The “Yasukuni problem” is at the epicenter of the complex set of issues surrounding Japanese wars in the Asia Pacific, the emperor, religion, and identity. Yasukuni issues are deeply intertwined with China-Japan, Korea-Japan and the US-Japan relationship. Attention to Yasukuni reveals distinctive characteristics of Japanese nationalism while allowing us to explore a number of themes of comparative nationalism.

It is important to state clearly at the outset the reason for undertaking this analysis: it is to search for ways that might contribute to mutual understanding among the nations and peoples of the Asia Pacific, including Japan, China, Korea and the United States.

I will emphasize three points about the “Yasukuni Problem” and contemporary nationalisms that seem absent in much of the discussion in Japan, Asia and internationally. The first is the need to transcend an exclusively Japanese perspective by locating the issues within the framework of the Japan-US relationship that has dominated Japanese politics for more than six decades. The second locates war nationalism in general and “Yasukuni nationalism” in particular within the broader purview of competing nationalisms in the Asia Pacific, including Chinese, Korean and US nationalisms. The third deconstructs “the Japanese,” to recognize deep fissures among the Japanese people with respect to Yasukuni, nationalism, the emperor in whose name Japan fought, and memories of colonialism and war. Each of these requires breaking with a monolithic understanding of the issues. Each has implications for moving beyond the present political impasse and reflecting on approaches that could contribute toward tension reduction in the Asia Pacific.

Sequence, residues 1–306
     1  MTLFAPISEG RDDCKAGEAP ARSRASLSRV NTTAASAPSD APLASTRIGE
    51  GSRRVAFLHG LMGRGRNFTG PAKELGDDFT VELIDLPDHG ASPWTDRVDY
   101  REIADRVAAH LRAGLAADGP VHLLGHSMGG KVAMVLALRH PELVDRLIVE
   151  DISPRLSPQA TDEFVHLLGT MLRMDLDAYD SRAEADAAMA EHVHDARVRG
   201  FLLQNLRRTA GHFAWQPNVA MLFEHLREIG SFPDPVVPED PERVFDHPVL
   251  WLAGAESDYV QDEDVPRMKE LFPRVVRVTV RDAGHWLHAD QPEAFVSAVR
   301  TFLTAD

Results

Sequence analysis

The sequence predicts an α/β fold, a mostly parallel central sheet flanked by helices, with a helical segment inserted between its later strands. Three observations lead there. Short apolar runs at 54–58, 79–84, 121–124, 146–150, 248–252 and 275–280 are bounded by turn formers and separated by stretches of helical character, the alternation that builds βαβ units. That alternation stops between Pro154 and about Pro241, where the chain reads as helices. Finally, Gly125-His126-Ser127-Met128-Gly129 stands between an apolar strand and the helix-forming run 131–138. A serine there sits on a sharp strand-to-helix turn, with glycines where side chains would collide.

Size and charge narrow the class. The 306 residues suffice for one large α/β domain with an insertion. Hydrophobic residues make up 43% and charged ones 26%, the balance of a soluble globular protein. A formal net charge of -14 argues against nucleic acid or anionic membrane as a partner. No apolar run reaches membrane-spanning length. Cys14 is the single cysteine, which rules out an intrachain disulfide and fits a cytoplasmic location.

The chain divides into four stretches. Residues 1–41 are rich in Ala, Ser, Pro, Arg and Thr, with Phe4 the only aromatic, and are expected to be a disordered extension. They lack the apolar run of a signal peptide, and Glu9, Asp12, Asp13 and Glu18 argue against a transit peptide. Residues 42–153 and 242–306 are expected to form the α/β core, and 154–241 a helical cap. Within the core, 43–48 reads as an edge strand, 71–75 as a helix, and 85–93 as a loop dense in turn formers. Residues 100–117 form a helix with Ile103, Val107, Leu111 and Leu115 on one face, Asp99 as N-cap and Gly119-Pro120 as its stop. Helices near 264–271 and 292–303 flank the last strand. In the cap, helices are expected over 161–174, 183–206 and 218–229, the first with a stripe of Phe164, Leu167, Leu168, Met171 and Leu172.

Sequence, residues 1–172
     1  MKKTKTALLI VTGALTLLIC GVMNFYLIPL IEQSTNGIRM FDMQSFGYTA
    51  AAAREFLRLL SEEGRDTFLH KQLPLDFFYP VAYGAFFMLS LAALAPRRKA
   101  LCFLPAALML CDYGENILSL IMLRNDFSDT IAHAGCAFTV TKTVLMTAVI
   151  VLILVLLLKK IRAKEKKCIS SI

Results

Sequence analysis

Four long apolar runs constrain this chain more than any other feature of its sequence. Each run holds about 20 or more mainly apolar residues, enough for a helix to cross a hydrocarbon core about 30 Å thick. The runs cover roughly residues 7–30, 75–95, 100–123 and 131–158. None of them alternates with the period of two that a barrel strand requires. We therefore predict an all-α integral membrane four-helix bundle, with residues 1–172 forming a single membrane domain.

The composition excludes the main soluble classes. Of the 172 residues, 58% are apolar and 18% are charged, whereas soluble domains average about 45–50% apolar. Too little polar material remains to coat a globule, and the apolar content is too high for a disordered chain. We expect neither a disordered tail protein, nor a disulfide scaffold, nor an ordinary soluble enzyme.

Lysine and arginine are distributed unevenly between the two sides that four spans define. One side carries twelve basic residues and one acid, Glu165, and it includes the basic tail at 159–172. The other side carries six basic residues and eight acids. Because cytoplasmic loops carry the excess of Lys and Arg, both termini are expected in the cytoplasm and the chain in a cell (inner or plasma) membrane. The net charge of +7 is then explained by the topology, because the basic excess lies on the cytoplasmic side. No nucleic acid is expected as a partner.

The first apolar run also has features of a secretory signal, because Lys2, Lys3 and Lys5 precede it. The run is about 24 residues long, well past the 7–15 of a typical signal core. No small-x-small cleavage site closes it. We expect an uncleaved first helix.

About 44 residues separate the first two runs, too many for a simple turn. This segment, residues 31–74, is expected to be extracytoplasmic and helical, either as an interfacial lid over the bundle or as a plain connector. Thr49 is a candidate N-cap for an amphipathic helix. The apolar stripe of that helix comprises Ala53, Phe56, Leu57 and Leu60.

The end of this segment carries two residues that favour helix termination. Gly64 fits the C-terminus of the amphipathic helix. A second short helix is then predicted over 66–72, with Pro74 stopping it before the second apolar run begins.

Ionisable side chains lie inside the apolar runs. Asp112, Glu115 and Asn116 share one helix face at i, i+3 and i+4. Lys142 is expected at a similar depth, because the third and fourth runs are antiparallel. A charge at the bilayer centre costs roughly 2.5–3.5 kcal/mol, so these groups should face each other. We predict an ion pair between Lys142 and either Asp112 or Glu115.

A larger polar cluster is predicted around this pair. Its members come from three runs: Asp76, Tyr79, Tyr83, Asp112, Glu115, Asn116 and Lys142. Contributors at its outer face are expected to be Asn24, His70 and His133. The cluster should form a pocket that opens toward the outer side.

Yasukuni Jinja both is and is not a “Japanese” problem. As a Shinto shrine with enduring historical links to the emperor—established in 1869 “to commemorate and honor the achievement of those who dedicated their precious life for their country”—and with a deep association with every Japanese war from the Meiji era through the Asia Pacific War, it evokes Japanese tradition linking Shinto, emperor and war. [1] Yet to see it simply as Japanese is to neglect a range of features characteristic of contemporary nationalisms. This view ignores important regional and global forces, particularly the role of the United States, in shaping politics and ideology from the Japanese occupation to today.